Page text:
Brazil's GDP fared worse than almost any other major economy in 2015, contracting by 3.8%, according to the national statistics agency IBGE.
Economic growth in the world's seventh-largest economy has fallen sharply in recent months.
This was due partly to low commodity prices and sluggish global growth.
But political paralysis has hampered Brazil's efforts to tackle its economic problems, including a budget deficit that has reached 10.8% of GDP.
President Dilma Rousseff is trying to head off the opposition's efforts to impeach her over alleged accounting irregularities, which means she cannot afford to alienate supporters in her Workers' Party by cutting spending or raising taxes.
Investigations are also continuing into a high-level bribery and corruption scandal involving major construction projects. Ms Rousseff's predecessor as president, fellow Workers' Party politician Luiz Inacio Lula da Silva, is one of the people under investigation.
Analysis: Andrew Walker, economics correspondent
What a contrast with the optimism of the 2000s. That was when the term Brics was coined, covering the largest emerging economies, including Brazil, which were seen as major contributors to global economic growth.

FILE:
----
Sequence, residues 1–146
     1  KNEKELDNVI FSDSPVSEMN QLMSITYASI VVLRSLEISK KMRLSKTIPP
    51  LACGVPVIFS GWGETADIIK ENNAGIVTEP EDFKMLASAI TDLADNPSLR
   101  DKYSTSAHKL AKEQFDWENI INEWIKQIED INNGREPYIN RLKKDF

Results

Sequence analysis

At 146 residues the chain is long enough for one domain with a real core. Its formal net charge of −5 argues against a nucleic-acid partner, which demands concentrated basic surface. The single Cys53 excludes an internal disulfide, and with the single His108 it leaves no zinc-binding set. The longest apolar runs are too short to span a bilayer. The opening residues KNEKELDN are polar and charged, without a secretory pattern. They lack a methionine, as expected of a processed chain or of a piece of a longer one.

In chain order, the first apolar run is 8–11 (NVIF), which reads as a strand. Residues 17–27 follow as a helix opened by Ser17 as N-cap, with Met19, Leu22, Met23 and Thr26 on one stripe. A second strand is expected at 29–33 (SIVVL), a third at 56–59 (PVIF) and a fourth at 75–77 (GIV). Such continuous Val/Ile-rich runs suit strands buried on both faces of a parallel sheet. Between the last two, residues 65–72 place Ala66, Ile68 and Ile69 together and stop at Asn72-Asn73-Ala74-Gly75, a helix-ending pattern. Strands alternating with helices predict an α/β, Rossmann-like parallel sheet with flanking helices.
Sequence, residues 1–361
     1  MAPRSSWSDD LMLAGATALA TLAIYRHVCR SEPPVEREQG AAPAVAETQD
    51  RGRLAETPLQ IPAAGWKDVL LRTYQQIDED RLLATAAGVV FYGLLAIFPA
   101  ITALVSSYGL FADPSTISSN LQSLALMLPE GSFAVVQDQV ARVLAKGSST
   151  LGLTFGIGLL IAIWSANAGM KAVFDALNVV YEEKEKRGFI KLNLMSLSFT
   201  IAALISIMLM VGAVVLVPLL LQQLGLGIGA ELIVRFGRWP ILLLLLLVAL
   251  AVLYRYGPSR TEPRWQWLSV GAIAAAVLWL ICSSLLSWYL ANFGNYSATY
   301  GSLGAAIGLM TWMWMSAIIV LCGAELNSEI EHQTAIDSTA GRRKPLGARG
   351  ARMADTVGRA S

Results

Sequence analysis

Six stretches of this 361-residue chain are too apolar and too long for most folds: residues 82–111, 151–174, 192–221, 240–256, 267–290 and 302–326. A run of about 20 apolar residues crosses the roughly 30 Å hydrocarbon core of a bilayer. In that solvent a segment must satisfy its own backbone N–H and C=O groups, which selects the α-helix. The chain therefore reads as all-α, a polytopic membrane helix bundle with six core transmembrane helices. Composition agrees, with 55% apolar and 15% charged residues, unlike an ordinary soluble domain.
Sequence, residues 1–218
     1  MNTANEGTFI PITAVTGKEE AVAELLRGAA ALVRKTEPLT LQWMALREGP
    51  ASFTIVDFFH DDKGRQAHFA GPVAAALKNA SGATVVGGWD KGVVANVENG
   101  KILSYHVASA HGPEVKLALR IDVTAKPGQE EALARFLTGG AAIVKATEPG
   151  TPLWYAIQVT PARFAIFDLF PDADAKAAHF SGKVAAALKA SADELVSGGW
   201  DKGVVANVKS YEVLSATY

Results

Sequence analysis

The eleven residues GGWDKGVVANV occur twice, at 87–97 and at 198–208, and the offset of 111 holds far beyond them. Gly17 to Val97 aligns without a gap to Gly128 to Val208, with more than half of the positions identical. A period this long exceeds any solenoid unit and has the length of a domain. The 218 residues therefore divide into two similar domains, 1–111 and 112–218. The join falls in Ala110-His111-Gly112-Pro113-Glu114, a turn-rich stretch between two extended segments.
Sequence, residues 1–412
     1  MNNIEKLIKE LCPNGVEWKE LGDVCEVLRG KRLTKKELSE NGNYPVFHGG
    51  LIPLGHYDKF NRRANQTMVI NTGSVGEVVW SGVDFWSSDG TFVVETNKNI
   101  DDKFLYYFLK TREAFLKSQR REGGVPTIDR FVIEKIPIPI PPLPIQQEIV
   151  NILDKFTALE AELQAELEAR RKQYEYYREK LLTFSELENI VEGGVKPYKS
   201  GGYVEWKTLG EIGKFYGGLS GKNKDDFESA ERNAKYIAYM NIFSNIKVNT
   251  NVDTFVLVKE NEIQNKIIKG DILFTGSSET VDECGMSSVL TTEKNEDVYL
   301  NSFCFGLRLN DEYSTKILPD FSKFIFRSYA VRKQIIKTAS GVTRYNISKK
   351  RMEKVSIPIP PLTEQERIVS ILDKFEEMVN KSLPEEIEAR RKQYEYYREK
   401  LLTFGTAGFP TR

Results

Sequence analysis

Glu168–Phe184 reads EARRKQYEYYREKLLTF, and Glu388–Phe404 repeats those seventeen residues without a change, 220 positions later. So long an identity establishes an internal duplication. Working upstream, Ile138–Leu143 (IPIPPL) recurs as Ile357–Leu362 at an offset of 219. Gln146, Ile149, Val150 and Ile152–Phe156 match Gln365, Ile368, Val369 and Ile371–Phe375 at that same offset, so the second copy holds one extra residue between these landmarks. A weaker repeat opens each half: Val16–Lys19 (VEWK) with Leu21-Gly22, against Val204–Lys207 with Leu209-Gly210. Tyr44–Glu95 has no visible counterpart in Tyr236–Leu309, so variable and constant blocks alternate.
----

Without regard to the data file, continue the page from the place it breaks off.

Among the group today, India is still performing strongly, but China has slowed - and many economists say by much more than the official figures suggest.
Russia's economy contracted by a similar amount to that of Brazil last year, and South Africa - a later addition to this group - managed a very lacklustre 1.3% growth last year.
These figures do pose the question: is this dip in emerging economies' performance just that - a temporary dip. Or is it a longer-term transition to slower growth?
Some factors, such as Brazil's political crisis, may pass, but on the wider question for the emerging economies, the jury is still out.
Brazil's economic performance last year vies with that of Russia as the worst in a major economy for 2015. Official figures for Russia's GDP last year have not yet been released.
It was also Brazil's worst set of figures since 1990.
Analysts say Brazil is now caught in a classic case of stagflation - a combination of high inflation and a recession.
On Wednesday, policymakers at the country's central bank voted to keep the benchmark Selic interest rate at its current level of 14.25%.
High interest rates have traditionally been used in Brazil as a policy tool to keep inflation in check. But inflation has surged in any case, now standing at 11%, while high rates are hurting businesses.
"While we don't think Brazil is on the cusp of a fiscal crisis, the position is fragile," said emerging markets economist Edward Glossop at Capital Economics.
"If nothing else, it is facing an extended period of budget austerity - and the longer the government fudges or delays the necessary adjustment, the more painful it will be."